Meconium obstruction in a premature neonate: An etiology that may simulate spontaneous intestinal perforation

Authors

  • James Glasser Saint Peter's University Hospital

DOI:

https://doi.org/10.47338/jns.v10.1013

Keywords:

Meconium Ileus, Spontaneous Intestinal Perforation, Pneumoperitoneum

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Author Biography

James Glasser, Saint Peter's University Hospital

Rutgers Medical School, Saint Peter’s University Hospital, 254 Easton Avenue, New Brunswick, NJ 08901

References

Chang PY, Huang FY, Yeh ML, Sheu JC, Chen BF, Chen CC. Meconium ileus-like condition in Chinese neonates. J Pediatr Surg. 1992; 27:1217-9.

Awolaran O, Sheth J. Management strategies for functional intestinal obstruction of prematurity. J Neonatal Surg [Internet]. 2021 Feb.20 [cited 2021 Sep.21];10:12. Available from: https://www.jneonatalsurg.com/ojs/index.php/jns/article/view/926.

Necrotizing Enterocolitis. Pediatric Surgery NaT, American Pediatric Surgical Association, 2021. Available from: https://www.pedsurglibrary.com/apsa/view/Pediatric-Surgery-NaT/829043/all/Necrotizing.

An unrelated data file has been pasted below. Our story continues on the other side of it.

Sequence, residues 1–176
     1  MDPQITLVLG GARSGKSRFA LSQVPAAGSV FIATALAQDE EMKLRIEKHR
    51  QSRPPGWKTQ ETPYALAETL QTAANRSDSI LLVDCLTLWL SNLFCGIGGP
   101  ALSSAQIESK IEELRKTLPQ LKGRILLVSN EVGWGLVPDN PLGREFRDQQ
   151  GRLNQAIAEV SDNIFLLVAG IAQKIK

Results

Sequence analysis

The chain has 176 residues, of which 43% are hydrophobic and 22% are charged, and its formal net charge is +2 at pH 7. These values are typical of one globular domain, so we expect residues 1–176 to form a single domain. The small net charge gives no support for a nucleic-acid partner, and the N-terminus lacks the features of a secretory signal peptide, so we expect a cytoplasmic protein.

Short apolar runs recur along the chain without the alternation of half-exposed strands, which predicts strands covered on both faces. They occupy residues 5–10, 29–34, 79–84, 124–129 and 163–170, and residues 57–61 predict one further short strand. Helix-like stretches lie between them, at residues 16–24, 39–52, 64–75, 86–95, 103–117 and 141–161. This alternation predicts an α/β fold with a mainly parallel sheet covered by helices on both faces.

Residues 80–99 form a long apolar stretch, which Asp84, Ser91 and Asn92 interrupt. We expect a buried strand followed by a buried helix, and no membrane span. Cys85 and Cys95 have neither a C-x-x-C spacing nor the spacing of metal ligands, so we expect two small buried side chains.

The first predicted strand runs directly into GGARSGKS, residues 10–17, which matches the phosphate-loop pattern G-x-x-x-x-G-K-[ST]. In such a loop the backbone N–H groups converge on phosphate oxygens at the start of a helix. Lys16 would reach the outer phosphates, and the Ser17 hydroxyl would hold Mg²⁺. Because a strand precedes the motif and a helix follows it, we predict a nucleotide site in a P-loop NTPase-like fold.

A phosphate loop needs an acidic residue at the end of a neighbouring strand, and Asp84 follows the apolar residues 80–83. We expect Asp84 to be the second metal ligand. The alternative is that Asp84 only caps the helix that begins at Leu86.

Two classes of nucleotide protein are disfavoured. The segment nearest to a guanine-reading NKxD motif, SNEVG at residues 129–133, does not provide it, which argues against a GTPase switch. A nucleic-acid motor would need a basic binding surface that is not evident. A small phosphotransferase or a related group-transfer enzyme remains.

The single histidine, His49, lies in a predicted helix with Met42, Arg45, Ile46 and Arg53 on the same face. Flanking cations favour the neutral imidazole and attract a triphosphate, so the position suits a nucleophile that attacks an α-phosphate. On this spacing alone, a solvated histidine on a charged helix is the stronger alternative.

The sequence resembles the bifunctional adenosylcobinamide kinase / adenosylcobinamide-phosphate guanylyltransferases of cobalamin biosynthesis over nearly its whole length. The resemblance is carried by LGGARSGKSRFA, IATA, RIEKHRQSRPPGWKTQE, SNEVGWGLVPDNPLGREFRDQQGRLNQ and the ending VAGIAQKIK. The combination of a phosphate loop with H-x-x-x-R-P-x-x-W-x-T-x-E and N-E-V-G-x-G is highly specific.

Rai BK, Mirza B, Hashim I, Saleem M. Varied presentation of congenital segmental dilatation of the intestine in neonates: Report of three cases. J Neonatal Surg [Internet]. 2016 [cited 2021 Aug 17]; 5:55. Available from: https://www.ncbi.nlm.nih.gov/pmc/articles/PMC5117278/.

Published

2021-09-23

How to Cite

1.
Glasser J. Meconium obstruction in a premature neonate: An etiology that may simulate spontaneous intestinal perforation. J Neonatal Surg [Internet]. 2021Sep.23 [cited 2021Oct.19];10:43. Available from: https://www.jneonatalsurg.com/ojs/index.php/jns/article/view/1013

Issue

Section

Letter to the Editor